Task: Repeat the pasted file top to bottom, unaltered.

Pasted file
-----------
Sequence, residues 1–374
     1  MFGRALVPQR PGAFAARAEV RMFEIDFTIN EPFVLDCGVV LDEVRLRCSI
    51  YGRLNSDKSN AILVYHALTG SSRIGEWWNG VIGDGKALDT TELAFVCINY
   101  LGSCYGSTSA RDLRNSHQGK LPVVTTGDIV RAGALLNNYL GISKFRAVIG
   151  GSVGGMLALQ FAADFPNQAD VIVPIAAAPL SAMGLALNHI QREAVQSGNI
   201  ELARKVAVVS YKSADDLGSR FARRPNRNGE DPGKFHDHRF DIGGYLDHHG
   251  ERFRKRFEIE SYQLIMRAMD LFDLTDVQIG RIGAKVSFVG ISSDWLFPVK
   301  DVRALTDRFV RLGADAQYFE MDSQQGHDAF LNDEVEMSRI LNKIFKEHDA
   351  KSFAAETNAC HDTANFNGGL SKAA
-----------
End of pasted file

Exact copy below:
Sequence, residues 1–374
     1  MFGRALVPQR PGAFAARAEV RMFEIDFTIN EPFVLDCGVV LDEVRLRCSI
    51  YGRLNSDKSN AILVYHALTG SSRIGEWWNG VIGDGKALDT TELAFVCINY
   101  LGSCYGSTSA RDLRNSHQGK LPVVTTGDIV RAGALLNNYL GISKFRAVIG
   151  GSVGGMLALQ FAADFPNQAD VIVPIAAAPL SAMGLALNHI QREAVQSGNI
   201  ELARKVAVVS YKSADDLGSR FARRPNRNGE DPGKFHDHRF DIGGYLDHHG
   251  ERFRKRFEIE SYQLIMRAMD LFDLTDVQIG RIGAKVSFVG ISSDWLFPVK
   301  DVRALTDRFV RLGADAQYFE MDSQQGHDAF LNDEVEMSRI LNKIFKEHDA
   351  KSFAAETNAC HDTANFNGGL SKAA